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Activists Evacuate Dogs From Russia’s Buryatia Over Euthanization Law

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Animal rights activists in the Far East Russian republic of Buryatia have been evacuating stray dogs to other regions of the country after the republic legalized the euthanization of homeless animals in certain conditions.

At least 600 dogs have already been evacuated to safe locations, but hundreds more are still awaiting evacuation, local animal rights activist Nargiza Muminova told The Moscow Times.

“There are currently about 2,000 dogs left in our shelter,” said Muminova, a volunteer at the Ananda dog shelter in the Buryatia capital of Ulan-Ude.

Last year, President Vladimir Putin signed a law granting Russia's regions the authority to establish their own rules for handling homeless animals — including allowing their euthanization.

In November, the parliament of Buryatia passed legislation that says that stray dogs in the region will be put in shelters for a certain period set by the regional authorities. If they are not adopted or claimed by their owners within that time, they may be euthanized.

According to the law, euthanasia is permitted in cases when an animal is terminally ill or has a dangerous disease, if a dog has attacked people, or if the animal has not been claimed by an owner within 30 calendar days. Stray microchipped animals will be sent to a shelter for a 60-day period.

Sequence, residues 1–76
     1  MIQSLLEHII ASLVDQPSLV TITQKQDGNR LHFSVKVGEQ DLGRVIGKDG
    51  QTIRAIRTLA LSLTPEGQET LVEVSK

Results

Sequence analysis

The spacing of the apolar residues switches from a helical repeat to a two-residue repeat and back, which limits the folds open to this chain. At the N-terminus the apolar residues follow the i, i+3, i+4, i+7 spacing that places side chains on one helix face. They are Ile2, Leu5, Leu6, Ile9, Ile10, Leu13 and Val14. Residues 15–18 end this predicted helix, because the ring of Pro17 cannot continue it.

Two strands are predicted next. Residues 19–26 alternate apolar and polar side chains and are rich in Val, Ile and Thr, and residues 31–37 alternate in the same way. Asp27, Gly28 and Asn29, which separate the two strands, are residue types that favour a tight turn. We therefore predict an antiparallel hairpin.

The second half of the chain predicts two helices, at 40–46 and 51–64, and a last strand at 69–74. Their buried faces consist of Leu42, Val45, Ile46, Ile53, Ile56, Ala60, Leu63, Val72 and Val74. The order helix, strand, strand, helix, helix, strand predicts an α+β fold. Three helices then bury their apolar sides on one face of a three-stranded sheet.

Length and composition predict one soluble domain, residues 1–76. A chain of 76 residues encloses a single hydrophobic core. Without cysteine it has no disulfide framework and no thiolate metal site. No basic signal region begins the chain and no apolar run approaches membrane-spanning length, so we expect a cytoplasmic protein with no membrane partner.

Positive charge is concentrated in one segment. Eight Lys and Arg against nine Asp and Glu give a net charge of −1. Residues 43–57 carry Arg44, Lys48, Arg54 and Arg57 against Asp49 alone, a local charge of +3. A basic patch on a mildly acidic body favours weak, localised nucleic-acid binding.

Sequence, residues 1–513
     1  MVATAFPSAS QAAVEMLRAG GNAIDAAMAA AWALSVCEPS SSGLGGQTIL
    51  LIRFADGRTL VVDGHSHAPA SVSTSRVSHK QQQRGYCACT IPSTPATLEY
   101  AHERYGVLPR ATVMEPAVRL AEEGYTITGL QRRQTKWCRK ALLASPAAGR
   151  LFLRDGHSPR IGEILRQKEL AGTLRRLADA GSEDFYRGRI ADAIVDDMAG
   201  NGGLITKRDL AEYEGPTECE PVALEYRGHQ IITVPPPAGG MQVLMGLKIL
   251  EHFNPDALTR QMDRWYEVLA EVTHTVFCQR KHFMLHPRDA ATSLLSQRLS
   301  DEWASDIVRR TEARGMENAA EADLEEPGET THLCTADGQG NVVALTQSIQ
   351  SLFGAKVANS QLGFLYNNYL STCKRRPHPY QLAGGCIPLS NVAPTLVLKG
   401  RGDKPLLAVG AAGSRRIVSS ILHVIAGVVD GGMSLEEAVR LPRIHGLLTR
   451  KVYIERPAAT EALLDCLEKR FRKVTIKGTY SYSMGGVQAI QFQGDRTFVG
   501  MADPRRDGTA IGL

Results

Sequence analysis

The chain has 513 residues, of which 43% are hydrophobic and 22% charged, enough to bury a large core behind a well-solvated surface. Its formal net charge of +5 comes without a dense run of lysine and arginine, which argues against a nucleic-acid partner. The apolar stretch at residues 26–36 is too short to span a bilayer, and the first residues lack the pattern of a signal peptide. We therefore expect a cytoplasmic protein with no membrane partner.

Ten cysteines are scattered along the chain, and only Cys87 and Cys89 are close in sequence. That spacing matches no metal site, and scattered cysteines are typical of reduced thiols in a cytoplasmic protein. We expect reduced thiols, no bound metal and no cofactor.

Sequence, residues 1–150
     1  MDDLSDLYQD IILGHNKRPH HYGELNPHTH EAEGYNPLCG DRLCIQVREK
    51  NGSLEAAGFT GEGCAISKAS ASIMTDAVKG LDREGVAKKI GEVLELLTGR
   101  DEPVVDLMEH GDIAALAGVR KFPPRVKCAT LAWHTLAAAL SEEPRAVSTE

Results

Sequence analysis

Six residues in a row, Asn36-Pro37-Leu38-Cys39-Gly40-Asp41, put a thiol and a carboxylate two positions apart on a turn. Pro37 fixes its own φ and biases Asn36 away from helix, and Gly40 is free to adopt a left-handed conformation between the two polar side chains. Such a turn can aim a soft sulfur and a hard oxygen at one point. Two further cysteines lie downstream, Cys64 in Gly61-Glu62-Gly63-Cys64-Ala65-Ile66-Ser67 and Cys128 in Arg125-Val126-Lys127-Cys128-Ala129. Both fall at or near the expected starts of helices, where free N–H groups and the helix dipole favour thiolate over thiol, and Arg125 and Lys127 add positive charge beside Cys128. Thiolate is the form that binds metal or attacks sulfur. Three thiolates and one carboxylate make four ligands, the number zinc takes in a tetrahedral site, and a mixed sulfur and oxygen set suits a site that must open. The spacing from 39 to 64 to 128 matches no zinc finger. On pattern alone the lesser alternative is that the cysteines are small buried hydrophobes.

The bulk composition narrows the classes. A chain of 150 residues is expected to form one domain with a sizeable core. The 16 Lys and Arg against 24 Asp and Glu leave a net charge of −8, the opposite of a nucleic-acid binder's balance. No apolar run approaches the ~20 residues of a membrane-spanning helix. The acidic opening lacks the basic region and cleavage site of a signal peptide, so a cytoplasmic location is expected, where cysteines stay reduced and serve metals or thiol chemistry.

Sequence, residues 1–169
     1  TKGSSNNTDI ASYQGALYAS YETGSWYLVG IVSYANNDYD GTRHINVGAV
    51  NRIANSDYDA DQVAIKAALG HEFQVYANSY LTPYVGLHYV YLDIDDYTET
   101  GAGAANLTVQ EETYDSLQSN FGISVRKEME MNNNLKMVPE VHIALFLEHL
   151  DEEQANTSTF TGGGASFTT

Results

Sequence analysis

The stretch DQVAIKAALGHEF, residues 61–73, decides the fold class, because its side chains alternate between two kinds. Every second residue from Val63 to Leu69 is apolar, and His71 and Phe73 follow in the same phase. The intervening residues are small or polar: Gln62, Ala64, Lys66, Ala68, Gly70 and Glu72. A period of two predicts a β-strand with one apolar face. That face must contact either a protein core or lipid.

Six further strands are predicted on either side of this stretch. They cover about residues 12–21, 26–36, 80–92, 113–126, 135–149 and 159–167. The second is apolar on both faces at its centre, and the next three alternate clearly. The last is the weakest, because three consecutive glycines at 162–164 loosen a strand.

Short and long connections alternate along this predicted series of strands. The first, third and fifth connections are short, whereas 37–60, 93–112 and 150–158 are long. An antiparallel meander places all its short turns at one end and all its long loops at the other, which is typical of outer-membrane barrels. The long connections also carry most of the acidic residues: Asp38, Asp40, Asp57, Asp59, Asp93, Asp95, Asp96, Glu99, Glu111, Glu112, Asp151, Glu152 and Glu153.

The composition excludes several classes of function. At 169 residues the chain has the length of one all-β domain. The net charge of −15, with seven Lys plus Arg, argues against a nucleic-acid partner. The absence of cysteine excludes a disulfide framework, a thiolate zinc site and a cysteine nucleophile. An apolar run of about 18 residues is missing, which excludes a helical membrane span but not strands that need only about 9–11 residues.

Though shelters can keep dogs for as long as they want at their own expense, activists warn that this is impossible without the government's help — and state funding for the captured dogs was ended last year. 

On Wednesday, Buryatia’s veterinary department put to death 18 dogs at the Ananda dog shelter, Muminova said.    

"Although we provided food, water, and shelter for the animals on our own, they were officially documented as municipal property,” Muminova said, which means that the local veterinary department had the right to dispose of the dogs.

Activists said that in addition to the evacuation efforts, they are working on registering the remaining shelter dogs as the property of volunteers and shelter employees to save them from euthanasia.

“Another challenging thing for now is finding suitable caretakers for evacuated dogs,” Daria Zaitseva, the head of the dog shelter Sobaka Schast'ya (Dog of Happiness), told The Moscow Times. “They must be reasonable, compassionate people or dedicated volunteers committed to providing foster care.”

Sobaka Schast'ya has already evacuated 133 dogs to safe regions.

In addition to Buryatia, the republic of Altai adopted a law allowing euthanization of homeless animals last month and lawmakers in the Zabaikalsky region voted in favor of similar legislation.

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